A novel has emerged from the humanitarian crisis at the border. Not only is it an indictment of U.S. immigration policy, but a requiem memorializing every child who has ever lost their right to a childhood. Here is a snippet of the review I recently wrote for The Texas Observer:
Early in Valeria Luiselli’s virtuosic new novel, Lost Children Archive, the narrator realizes she has entered an ethical minefield. She makes radio documentaries for a living, and while she knows in her bones that testimonios must be recorded of the thousands of unaccompanied kids fleeing the calamities of their homelands, she worries about the implications of the endeavor.
“How can an artwork be useful in helping more undocumented children find asylum?” she asks herself. “Isn’t art for art’s sake so often an absolutely ridiculous display of intellectual arrogance? … And why would I even think that I can or should make art with someone else’s suffering? … No one decides to not go to work and start a hunger strike after listening to the radio in the morning.”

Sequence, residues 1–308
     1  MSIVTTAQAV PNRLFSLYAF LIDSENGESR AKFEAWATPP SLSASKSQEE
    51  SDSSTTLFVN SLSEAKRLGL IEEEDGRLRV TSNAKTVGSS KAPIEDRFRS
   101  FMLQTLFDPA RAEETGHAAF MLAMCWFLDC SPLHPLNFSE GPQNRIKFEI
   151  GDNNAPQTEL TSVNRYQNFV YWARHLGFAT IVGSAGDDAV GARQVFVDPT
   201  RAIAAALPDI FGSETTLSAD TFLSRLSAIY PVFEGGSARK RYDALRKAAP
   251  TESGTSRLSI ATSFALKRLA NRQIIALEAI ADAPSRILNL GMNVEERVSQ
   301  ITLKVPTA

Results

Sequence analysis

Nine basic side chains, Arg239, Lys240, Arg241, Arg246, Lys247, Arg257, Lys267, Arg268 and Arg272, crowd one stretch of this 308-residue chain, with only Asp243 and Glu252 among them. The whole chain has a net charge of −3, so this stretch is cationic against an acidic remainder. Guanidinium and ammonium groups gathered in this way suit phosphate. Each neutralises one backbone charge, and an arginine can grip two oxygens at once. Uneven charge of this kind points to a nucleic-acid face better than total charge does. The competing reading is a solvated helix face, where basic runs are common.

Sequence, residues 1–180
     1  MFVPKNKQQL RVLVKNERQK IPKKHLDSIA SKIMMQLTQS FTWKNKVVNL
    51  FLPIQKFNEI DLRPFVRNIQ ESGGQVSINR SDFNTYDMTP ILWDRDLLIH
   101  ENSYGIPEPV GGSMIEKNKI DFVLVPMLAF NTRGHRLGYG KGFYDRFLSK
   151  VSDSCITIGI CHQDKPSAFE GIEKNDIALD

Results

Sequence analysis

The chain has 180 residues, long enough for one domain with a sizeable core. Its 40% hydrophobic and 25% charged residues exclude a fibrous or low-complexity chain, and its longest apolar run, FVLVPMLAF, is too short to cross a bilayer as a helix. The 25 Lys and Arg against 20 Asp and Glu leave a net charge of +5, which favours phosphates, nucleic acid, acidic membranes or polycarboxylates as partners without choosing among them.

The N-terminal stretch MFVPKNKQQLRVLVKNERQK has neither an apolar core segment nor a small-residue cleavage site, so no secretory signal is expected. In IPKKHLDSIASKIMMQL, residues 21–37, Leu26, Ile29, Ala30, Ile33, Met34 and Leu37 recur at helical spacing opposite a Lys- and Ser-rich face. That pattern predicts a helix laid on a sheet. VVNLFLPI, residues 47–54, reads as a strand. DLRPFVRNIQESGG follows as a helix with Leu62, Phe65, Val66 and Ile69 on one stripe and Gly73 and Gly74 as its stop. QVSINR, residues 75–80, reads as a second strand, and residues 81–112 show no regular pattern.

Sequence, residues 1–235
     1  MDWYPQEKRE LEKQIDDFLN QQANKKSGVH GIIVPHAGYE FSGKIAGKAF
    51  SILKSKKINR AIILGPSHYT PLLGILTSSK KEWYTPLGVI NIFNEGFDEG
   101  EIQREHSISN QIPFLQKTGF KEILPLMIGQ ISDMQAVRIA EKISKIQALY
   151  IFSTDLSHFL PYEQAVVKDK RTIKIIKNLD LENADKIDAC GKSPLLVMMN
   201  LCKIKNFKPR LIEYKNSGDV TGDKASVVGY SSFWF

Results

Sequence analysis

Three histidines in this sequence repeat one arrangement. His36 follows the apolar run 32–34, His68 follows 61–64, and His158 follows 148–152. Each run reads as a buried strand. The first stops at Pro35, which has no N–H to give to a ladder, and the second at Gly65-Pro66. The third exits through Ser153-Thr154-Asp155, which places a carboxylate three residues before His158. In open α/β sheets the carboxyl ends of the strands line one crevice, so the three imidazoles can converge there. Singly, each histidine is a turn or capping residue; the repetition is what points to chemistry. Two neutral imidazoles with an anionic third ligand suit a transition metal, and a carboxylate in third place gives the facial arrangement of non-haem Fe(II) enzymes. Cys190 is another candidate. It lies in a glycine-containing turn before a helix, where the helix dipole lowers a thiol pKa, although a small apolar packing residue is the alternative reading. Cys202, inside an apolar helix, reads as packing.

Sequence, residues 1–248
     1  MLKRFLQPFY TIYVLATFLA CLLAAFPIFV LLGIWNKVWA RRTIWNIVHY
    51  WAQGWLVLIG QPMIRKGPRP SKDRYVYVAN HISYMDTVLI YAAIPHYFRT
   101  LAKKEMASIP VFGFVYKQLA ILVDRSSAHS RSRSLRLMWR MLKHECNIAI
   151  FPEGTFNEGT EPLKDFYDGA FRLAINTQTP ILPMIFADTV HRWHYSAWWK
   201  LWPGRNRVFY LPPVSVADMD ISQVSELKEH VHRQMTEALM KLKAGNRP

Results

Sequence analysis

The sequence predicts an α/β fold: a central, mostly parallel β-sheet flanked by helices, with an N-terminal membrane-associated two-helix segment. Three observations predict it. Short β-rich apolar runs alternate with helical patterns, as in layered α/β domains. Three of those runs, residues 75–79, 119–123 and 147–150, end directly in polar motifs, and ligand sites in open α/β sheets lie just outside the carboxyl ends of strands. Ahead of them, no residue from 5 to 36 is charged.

Readers of Luiselli’s four previous books will detect her own ethos in this lament. In 2017, she published the slender but devastating Tell Me How It Ends: An Essay in Forty Questions, which chronicled her work as a translator for child migrants caught up in the U.S. court system. It won rave reviews and an American Book Award, but Luiselli strikes me as the kind of writer who’d prefer a hunger strike. Lost Children Archive, then, can almost be read as the Mexico City-born intellectual’s second attempt to rally the citizenry of her adopted country — this time, with a 400-page novel that auto-fictionalizes a cross-country road trip she took with her family a few years ago.
I admit to my own skepticism during the first half of Lost Children Archive….
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